Next up – Hogfather – which is a two-part miniseries, making it good for two nights, although I know of fans who watch it in one single epic evening. Yes, it is skewed, warmed and amazingly funny, since it is based on one of Terry Pratchett’s Discworld books, wherein the red-dressed guy who flies around the world depositing presents is called the HogFather, and rides a sled pulled by wild boars on Hogwatch Night.

As a natural segue from British movie absurdity, we move right into American absurdity, with Tim Burton’s Nightmare Before Christmas. Again, someone completely unsuited to the role takes over from Santa Claus with predictably disastrous results. Of all the directors currently active, Tim Burton is the one with the most distinctive ‘look’ to his productions. Put up any number of stills from current or recent movies – and you can pick out which ones are his, almost at first glance.

Speaking of distinctive ‘looks’ – there is another movie in our holiday schedule which cannot be mistaken – the 1986 version of Nutcracker: The Motion Picture, with the costumes and stage design taken from Maurice Sendak’s illustrations of the original story. I brought this version to my parent’s house one year and we watched it then. Curiously, although we were all very familiar with the music – Mom had never seen a whole performance of the ballet. It’s short and lively, but almost as strange as Nightmare Before Christmas; Godfather Drosselmeyer has a distinctly stalkerish vibe about him.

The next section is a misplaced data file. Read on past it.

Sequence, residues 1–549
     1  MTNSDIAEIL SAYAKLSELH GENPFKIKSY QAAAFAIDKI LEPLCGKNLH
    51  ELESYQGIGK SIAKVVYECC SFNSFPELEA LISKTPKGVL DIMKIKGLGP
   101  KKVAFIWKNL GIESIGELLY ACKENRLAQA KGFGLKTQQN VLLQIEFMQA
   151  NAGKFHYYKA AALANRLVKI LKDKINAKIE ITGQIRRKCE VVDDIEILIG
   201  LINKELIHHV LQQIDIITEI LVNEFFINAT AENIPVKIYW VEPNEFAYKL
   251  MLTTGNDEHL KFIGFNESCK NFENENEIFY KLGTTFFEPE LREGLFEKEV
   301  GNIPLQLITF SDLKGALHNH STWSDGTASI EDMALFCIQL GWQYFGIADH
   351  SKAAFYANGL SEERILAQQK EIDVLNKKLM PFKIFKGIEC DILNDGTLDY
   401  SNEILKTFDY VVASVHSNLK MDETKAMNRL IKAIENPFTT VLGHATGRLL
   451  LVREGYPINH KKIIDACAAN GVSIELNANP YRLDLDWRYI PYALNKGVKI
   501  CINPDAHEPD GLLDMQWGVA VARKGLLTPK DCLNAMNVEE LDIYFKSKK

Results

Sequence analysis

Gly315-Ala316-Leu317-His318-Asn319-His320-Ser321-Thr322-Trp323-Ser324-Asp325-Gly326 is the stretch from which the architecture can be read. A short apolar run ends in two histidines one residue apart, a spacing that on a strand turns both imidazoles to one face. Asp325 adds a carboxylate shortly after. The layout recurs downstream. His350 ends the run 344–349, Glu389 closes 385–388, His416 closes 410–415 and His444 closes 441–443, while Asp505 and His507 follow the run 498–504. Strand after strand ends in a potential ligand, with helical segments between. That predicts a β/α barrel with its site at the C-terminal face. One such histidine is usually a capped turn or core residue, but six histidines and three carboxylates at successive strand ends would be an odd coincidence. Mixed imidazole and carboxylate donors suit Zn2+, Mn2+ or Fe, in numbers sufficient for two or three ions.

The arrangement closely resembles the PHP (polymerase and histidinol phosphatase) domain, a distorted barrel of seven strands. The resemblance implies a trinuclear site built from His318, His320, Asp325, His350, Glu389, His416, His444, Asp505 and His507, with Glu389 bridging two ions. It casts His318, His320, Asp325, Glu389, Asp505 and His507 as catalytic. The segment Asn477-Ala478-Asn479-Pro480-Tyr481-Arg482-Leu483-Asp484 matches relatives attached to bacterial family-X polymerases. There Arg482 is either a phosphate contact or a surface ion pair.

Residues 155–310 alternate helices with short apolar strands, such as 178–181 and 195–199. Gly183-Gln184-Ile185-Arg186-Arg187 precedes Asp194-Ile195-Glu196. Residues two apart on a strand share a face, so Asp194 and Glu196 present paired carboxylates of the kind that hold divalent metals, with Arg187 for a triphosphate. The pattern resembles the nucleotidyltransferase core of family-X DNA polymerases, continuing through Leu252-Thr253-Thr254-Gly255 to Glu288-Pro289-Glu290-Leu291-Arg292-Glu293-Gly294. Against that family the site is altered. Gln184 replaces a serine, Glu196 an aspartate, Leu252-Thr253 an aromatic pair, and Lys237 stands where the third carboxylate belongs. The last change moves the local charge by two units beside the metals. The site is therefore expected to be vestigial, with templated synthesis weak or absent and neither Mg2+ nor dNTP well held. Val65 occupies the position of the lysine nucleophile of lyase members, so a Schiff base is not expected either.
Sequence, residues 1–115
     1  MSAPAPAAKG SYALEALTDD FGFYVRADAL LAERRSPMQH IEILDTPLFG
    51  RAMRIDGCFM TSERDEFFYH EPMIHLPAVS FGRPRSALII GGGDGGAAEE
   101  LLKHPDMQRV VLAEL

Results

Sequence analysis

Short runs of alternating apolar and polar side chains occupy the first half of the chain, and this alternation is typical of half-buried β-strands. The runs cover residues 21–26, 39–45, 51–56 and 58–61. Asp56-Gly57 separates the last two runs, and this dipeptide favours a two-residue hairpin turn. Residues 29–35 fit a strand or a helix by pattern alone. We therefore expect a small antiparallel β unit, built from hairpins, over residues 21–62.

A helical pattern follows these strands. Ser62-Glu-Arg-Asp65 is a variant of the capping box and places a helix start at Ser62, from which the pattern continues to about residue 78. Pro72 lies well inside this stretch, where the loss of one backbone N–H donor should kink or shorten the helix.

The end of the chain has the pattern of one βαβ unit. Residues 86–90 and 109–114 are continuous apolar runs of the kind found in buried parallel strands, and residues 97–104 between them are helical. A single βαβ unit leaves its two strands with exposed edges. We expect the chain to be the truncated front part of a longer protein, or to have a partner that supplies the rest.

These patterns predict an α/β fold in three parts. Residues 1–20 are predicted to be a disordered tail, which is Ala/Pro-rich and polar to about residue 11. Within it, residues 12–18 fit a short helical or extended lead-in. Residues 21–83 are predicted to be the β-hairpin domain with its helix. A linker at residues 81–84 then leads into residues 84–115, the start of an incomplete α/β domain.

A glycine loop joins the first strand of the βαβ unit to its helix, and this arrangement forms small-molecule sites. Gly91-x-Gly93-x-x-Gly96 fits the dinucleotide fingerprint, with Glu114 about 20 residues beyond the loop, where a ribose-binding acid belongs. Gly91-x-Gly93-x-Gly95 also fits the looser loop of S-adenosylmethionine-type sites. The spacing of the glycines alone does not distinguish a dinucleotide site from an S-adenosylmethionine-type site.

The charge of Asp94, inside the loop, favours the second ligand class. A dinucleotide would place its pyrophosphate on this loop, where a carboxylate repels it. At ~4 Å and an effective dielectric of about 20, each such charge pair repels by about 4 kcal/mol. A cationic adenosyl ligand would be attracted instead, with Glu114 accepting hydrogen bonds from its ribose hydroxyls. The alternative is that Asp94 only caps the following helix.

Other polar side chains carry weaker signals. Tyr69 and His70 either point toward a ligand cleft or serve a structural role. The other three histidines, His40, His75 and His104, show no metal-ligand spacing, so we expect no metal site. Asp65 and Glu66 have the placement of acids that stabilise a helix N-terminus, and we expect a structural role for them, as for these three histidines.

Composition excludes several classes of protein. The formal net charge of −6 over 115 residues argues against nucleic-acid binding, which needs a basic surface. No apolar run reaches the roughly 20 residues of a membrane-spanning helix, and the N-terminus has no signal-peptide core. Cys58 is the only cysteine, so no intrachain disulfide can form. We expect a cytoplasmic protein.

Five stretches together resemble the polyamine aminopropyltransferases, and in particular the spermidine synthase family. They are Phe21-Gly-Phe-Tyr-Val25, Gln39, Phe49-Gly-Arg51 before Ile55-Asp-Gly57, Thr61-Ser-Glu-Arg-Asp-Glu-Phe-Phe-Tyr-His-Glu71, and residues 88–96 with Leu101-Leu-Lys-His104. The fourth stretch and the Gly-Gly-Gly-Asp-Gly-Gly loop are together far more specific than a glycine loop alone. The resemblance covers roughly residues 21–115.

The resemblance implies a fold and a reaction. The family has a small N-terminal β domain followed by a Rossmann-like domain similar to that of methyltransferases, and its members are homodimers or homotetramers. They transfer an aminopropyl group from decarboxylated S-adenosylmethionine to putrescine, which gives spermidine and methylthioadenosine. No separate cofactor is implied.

And finally – the chief of all modern Christmas classics – A Christmas Story. Now and again there a discussion of what year it was set in exactly; the producer apparently intended it to be a generic American Christmas, circa 1930-1950, but if you watch very closely, you can pinpoint the exact year. There are characters in the Christmas parade from the movie The Wizard of Oz, which premiered late in the summer of 1939 – so it couldn’t have been an earlier Christmas. It couldn’t have been Christmas 1941, or another wartime Christmas; everyone would have been haunted by Pearl Harbor in 1941, and in the years afterward there would have been war toys, Victory Bond drives, rationing, blackouts and all of that. There aren’t any post-war women’s fashions and hairstyles, either – so it must be either 1939 or 1940. There is a brief glimpse of the front of the automobile when the father fixes a flat tire – the yearly auto registration sticker is for 1940.